|Asphalt produced by Virginia Paving is stored in the silos.|
The Planning Commission is scheduled to vote April 19 on a zoning application from Vulcan Materials Co. that calls for an expansion of its concrete facility in an industrial area in Mason District near Interstate 395 along with a new asphalt plant.
|Planning Commissioners and Mason District residents learn all about asphalt production.|
Residents who live near the Vulcan property are campaigning against an asphalt plant, citing odor, noise, environmental, and health concerns. At a Planning Commission hearing in March, several neighbors urged the commissions to reject the application.
Julie Strandlie, the Mason district representative on the Planning Commission, scheduled the Virginia Paving tour so the commissioners could see firsthand how the plant operates and how it controls odors and pollution. Several people who live near Vulcan came along, too.
|Piles of sand and asphalt at Virginia Paving with apartment buildings in the background.|
There was definitely an odor of asphalt at the Virginia Paving plant, although it bothered some people on the tour more than others. It was also quite noisy, as there were many large trucks coming in and out during the hourlong tour.
Virginia Paving, located off S. Van Dorn Street between S. Pickett Street and Eisenhower Avenue, produces a “warm mix asphalt” which causes less pollution than “hot asphalt,” says Cody Sullivan, who manages Virginia Paving facilities in Occoquan and Stafford, as well as the one in Alexandria.
The plant isn’t operating at full capacity yet, Sullivan says. Its peak season is mid-May to early November. It’s currently producing about 2,200 tons of asphalt a day. During the peak period, it produces 4,000 to 6,000 tons.
Because there’s a limit on how long asphalt can be transported, the Alexandria plant produces asphalt for roads and parking lots no more than one and a-half hours away, or no farther than Arlington, Tysons, and Woodbridge. It mostly operates at night, because that’s when most VDOT projects are done.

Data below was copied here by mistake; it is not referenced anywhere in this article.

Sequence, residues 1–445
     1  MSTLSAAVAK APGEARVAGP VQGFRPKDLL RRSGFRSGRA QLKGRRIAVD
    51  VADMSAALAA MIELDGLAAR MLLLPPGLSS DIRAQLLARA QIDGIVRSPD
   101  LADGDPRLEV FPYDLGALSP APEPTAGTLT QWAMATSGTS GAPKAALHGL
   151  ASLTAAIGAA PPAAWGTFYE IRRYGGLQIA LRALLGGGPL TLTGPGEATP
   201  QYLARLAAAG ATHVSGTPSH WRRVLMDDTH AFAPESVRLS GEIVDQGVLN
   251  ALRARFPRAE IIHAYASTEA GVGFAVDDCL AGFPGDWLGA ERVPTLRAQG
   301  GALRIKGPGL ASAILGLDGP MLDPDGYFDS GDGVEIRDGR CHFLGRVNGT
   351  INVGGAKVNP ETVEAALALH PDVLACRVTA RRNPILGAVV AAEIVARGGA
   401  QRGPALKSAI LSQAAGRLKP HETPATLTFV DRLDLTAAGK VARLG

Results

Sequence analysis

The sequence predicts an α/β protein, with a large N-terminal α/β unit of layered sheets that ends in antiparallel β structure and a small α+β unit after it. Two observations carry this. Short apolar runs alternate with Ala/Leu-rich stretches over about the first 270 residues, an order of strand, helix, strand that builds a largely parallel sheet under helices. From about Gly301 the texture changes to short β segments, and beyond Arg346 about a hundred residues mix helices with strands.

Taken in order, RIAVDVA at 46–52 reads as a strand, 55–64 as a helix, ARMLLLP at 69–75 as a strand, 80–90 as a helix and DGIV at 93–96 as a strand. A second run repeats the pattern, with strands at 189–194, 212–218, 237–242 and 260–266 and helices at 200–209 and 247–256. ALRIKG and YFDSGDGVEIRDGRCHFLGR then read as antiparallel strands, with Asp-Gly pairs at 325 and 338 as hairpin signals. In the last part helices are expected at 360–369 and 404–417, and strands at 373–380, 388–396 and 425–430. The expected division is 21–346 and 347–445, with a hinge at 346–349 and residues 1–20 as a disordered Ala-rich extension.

|A water truck sprays the ground.|
Christine Vineski, Virginia Paving’s environmental manager, described some of the controls in place to minimize air and water pollution. There’s a tank under the parking lot to collect and filter stormwater before it goes into Backlick Run, and eventually into the Potomac River.
Water trucks spray the grounds periodically “to keep fugitive dust out of the air,” Vineski says. Dust is also vacuumed off the grounds. An additive called Eco-Zorb is injected into the asphalt to reduce odors. Emissions testing is done by a third party, and the results are submitted to the U.S. Environmental Protection Agency and state and local governments.
Virginia Paving is a stone’s through from the Cameron Station community. The softball field at Samuel Tucker Elementary School is separated from the plant by a concrete barrier and stream.
Several people who live at the end of Cameron Station closest to the plant, mostly on Brawner Place, who happened to be outdoors on April 14 said they had no problems with odors or noise from the asphalt plant.
|Samuel Tucker Elementary School and Cameron Station seen from the Virginia Paving site.|
One man said he had lived there for seven years and didn’t know the plant was there. Another resident said she didn’t notice any odors but was disturbed by noise from the train that runs close to her house.
Cameron Station was built after the asphalt plant was already there, however. If a new asphalt plant is built on the Vulcan property, it would have an impact on already-established neighborhoods.
|An air pollution monitoring station between Samuel Tucker Elementary School on the left and Cameron Station homes.|